If we are to create a more productive community engagement with each other about Israel, we will need to put aside external factors and past experiences that lead us to feel pessimistic, apathetic, and despairing when we talk to one another about Israel. We have the ability to move forward as a community with productive conversations about the Jewish state and its central role in the Jewish future.

This is a difficult task, one which involves individuals letting go of pre-conceived notions that are often deeply rooted in historical narrative and personal experience, stopping to truly hear each other’s perspectives when we would rather not, and shutting out the voices that say having a conversation about Israel is so difficult it isn’t worth our time.

For us to succeed, we will need to acknowledge that the significance of this challenge attests to the importance of the task at hand. We can help provide answers for those who are stuck wondering how to move forward. We can be models of civic discourse, unity, and optimism in a time when these qualities are in too short supply. We need only to take responsibility for our community here in Boston.

After hearing Nadav, I was left with the following thought: we cannot afford to wait for “things to get better” before we become optimists. The burden is on us to bring optimism into the world and that starts within our own community.

It is important to understand that Peres saw this as a choice that we make — between optimism and pessimism.

Some people today are experiencing that same choice, while others are more personally attuned to the tension between optimism and apathy, or between optimism and despair. Sitting in the audience I found myself inspired by the emphasis on optimism. If we as a community embrace the principles Shimon Peres espoused and that Nadav Tamir shared with us last week, then we have reason to be optimistic about our communal conversations about Israel.

Watch Nadav’s keynote here.

Watch CJP executive director Gil Preuss introduce the CommUNITY Israel Dialogue here.

Read more about the CommUNITY Israel Dialogue, including a list of our 60 partner organizations and upcoming events.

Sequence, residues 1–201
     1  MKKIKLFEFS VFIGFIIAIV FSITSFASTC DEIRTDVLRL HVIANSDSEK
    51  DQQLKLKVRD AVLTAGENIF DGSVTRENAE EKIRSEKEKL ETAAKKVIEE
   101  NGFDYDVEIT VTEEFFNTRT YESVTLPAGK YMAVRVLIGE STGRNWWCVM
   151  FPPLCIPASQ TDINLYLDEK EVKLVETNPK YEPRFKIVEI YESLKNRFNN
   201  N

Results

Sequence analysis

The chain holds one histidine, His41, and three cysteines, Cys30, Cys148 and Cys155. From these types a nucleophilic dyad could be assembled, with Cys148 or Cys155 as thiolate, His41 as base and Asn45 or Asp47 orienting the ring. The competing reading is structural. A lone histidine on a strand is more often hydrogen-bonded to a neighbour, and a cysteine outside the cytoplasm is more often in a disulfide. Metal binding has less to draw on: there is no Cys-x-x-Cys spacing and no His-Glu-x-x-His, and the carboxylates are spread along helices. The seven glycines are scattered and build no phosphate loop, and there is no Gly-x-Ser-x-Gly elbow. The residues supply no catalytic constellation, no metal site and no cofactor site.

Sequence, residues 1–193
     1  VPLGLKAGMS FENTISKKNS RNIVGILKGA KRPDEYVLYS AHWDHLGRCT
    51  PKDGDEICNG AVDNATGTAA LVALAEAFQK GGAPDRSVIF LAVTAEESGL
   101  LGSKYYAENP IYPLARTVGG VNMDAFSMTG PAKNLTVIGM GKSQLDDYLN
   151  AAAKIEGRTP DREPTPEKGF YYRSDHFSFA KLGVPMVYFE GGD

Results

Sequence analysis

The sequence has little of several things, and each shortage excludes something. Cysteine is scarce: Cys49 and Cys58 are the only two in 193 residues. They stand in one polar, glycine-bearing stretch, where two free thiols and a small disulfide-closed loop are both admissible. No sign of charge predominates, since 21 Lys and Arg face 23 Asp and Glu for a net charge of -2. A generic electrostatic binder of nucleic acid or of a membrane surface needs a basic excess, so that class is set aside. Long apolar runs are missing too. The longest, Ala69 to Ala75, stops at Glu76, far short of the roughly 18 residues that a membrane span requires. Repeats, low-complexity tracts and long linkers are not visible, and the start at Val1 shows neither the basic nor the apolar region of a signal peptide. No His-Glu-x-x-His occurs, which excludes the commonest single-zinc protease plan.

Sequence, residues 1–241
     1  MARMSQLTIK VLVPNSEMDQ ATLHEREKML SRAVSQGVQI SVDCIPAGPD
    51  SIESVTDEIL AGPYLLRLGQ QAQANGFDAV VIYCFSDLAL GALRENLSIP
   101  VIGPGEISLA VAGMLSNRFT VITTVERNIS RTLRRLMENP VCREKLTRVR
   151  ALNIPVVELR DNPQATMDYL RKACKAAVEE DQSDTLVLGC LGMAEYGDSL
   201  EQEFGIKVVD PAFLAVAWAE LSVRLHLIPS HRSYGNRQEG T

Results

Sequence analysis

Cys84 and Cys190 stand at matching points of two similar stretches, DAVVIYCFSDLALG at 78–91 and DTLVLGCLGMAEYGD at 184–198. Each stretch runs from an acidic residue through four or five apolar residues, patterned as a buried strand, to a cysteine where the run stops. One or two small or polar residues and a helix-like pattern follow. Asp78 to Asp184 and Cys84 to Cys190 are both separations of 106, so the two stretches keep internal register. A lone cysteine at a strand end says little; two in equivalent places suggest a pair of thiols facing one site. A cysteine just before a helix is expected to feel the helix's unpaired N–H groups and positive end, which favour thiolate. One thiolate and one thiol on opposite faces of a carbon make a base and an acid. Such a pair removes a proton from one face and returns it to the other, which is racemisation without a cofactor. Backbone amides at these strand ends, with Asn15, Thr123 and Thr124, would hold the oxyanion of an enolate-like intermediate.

Shabbat Shalom,

Jeremy

How We Remember: April 23 is Our Community Holocaust Commemoration of Yom HaShoah

Last year I wrote about Dr. Robert Berger z’l, a Brookline Holocaust survivor, who had an immeasurable impact on our community and beyond. We were privileged to have him participate in our Yom HaShoah Committee, where he advocated passionately not only for the accurate portrayal of the horrific ordeal endured by Holocaust survivors, but also for teaching about the extraordinary ways in which they successfully rebuilt their lives and contributed so richly to our community .

This week, Dr. Berger’s life and legacy were featured on WBUR’s The Remembrance Project. His wife Pat spoke of his career as a pioneering cardiothoracic surgeon, whose lifetime of work included exposing the junk science and bogus results of the medical experiments performed by Nazis on Jewish concentration camp victims. His response to the death and destruction he witnessed was to dedicate his life to saving others, through his long and remarkable medical career.

This year, once again, we will feature the stories of local Holocaust survivors, as attendees at our annual Holocaust Commemoration hear firsthand survivor testimony. We are honored to feature Rabbi Joseph Polak, a cherished leader of Boston’s Jewish community, as the survivor speaker for the 2017 Commemoration.